Fitness Remains The Center Of Roderick Mullen's Life

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*As part of the Green Bay Packers' celebration of the 10th anniversary season of the Super Bowl XXXI Championship, Packers.com is running a series of stories about the people responsible for bringing the Vince Lombardi trophy back home to Titletown.

A versatile backup in the secondary and a valuable special teamer, Roderick Mullen would block for Desmond Howard on a punt return immediately after shutting down a wide receiver on third-and-long.

"I had to be in outstanding shape," Mullen said. "I couldn't do all of those positions if I wasn't well-conditioned."

Mullen's job still revolves around fitness. He currently serves as the general manager of a Dallas-area Bally Total Fitness. In that role, Mullen, 33, manages the gym's profitability by setting budgets, establishing company goals, determining salaries and overseeing retail revenue. Mullen twice has won the "Elite Performer" award for his area. He not only excels at his job, but he also enjoys it.

"It's very nice, man," Mullen said. "I really like doing what I'm doing."

A workout warrior during his playing days, Mullen said his conditioning enabled him to play cornerback and safety in base, nickel and dime packages in addition to special teams. Mullen filled all those roles in 1996 before straining the medial collateral ligament in his right knee in the 13th game. He returned to action for the playoffs.

Mullen continues to pride himself on his conditioning. He works out every day, exercising his back on Monday, his shoulders on Tuesday, his legs on Thursday and his chest on Friday while Wednesday serves as his cardio day. His endurance does not quite equal that of his playing days, but his strength compares favorably. He recently bench-pressed 225 pounds 19 times.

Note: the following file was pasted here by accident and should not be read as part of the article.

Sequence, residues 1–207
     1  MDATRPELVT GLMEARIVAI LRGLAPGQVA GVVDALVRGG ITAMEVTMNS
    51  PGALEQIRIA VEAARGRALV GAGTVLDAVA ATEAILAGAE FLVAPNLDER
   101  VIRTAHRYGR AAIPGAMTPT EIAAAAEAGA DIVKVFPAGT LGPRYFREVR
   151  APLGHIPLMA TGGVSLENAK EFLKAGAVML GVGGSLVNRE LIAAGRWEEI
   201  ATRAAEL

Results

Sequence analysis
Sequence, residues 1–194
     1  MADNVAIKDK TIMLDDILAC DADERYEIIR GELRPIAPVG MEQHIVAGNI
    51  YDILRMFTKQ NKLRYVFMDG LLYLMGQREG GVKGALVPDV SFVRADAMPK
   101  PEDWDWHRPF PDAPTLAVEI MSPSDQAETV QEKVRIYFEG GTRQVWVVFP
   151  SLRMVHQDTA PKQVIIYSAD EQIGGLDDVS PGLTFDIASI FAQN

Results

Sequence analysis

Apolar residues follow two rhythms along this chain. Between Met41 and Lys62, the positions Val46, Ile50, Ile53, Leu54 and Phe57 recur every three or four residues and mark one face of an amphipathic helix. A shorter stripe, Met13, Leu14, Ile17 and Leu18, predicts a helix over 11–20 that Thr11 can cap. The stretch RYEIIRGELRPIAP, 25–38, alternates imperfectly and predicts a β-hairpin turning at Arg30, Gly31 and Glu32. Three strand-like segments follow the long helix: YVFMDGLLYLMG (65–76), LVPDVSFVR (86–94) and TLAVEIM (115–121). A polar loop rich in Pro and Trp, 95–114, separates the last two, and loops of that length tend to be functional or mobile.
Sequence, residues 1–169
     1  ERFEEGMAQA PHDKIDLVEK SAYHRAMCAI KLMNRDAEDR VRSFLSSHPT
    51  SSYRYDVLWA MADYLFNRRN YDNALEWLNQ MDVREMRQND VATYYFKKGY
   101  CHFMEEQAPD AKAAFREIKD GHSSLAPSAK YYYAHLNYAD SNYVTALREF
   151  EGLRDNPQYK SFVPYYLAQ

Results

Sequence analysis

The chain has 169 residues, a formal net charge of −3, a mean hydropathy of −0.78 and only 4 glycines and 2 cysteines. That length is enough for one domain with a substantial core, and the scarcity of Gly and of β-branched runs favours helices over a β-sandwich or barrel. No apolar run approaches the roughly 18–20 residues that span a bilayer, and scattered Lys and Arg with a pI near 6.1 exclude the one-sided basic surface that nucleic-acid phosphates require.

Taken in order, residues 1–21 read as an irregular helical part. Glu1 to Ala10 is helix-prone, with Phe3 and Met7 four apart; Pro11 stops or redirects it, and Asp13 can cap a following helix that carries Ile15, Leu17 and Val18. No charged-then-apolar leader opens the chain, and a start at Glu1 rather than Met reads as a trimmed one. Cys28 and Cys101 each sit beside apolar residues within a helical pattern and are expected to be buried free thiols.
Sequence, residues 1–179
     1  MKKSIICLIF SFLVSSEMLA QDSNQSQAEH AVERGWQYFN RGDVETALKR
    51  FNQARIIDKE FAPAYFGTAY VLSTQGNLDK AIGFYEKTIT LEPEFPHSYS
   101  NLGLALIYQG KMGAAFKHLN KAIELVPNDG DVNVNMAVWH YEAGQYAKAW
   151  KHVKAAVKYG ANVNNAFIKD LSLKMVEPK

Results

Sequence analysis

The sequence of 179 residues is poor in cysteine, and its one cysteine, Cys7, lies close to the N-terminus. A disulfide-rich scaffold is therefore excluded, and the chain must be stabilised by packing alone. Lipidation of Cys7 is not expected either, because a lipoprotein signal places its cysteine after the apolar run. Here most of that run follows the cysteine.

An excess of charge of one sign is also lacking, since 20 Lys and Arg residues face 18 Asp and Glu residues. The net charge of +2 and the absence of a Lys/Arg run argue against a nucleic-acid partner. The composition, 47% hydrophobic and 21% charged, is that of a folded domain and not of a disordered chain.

"I still do a lot of different things that I was doing when I was training for football to keep me somewhat up-to-par cardiovascularly," Mullen said. "From a strength standpoint, I would say I'm right up there."

Mullen's Packers contacts helped pave the way for his post-NFL career. After Mullen spent 2000 and 2001 investing in a few Las Vegas properties, including two Subway restaurants, he hooked up with Larry Brooks, Jr., the son of the 1996 Packers defensive line coach. Brooks served as the Dallas-area Bally vice president and helped Mullen land a job as a manager-in-training there in 2002.

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Brooks does not remain his only connection to his Packer days, which lasted from 1996 to 1998. Mullen frequently hangs out with Santana Dotson and attends his annual Santana Dotson Foundation dinner in Houston to raise money for teenagers' college education.

"I'm still best friends with Santana Dotson," Mullen said.

Mullen subscribes to DirecTV's Sunday NFL Ticket and still follows the NFL closely. Although he ended his career by spending 1999 with the Carolina Panthers and the 2000 training camp with the Minnesota Vikings, Mullen still roots for the Packers. Mullen has not been to a Packers game since his days as a Panthers defensive back, but he watches them every Sunday with the meticulous eye of a coach.

"I typically have to watch the game at home," Mullen said. "I have TiVo and I want to re-wind the game and find out the reason for the successes and failures of different plays."

Who can blame him for possessing such an attachment to the Green and Gold? Earning a 1996 Super Bowl title with the Packers launched his devotion to the team and provided memories to last a lifetime.

"(I was) able to hoist that trophy," Mullen said, "and know that I was going to go down in history with some Hall of Famers on that team like Reggie (White) and Brett (Favre)."

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